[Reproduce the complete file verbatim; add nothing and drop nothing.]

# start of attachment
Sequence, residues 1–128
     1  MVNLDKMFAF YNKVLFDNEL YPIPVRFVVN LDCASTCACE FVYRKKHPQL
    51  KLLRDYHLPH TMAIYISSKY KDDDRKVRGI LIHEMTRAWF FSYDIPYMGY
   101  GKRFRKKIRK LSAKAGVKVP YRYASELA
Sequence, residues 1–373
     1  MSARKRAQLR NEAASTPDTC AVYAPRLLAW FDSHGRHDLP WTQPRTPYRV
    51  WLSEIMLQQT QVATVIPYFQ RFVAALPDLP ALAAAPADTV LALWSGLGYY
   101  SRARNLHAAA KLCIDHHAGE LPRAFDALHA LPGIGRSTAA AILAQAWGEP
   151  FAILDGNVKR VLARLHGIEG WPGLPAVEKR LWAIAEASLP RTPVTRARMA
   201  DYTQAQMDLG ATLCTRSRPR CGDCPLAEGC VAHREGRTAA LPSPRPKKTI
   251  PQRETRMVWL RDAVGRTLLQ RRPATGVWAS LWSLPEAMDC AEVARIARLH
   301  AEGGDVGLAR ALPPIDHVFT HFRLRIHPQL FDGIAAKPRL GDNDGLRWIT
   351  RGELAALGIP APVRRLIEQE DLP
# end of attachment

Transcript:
Sequence, residues 1–128
     1  MVNLDKMFAF YNKVLFDNEL YPIPVRFVVN LDCASTCACE FVYRKKHPQL
    51  KLLRDYHLPH TMAIYISSKY KDDDRKVRGI LIHEMTRAWF FSYDIPYMGY
   101  GKRFRKKIRK LSAKAGVKVP YRYASELA
Sequence, residues 1–373
     1  MSARKRAQLR NEAASTPDTC AVYAPRLLAW FDSHGRHDLP WTQPRTPYRV
    51  WLSEIMLQQT QVATVIPYFQ RFVAALPDLP ALAAAPADTV LALWSGLGYY
   101  SRARNLHAAA KLCIDHHAGE LPRAFDALHA LPGIGRSTAA AILAQAWGEP
   151  FAILDGNVKR VLARLHGIEG WPGLPAVEKR LWAIAEASLP RTPVTRARMA
   201  DYTQAQMDLG ATLCTRSRPR CGDCPLAEGC VAHREGRTAA LPSPRPKKTI
   251  PQRETRMVWL RDAVGRTLLQ RRPATGVWAS LWSLPEAMDC AEVARIARLH
   301  AEGGDVGLAR ALPPIDHVFT HFRLRIHPQL FDGIAAKPRL GDNDGLRWIT
   351  RGELAALGIP APVRRLIEQE DLP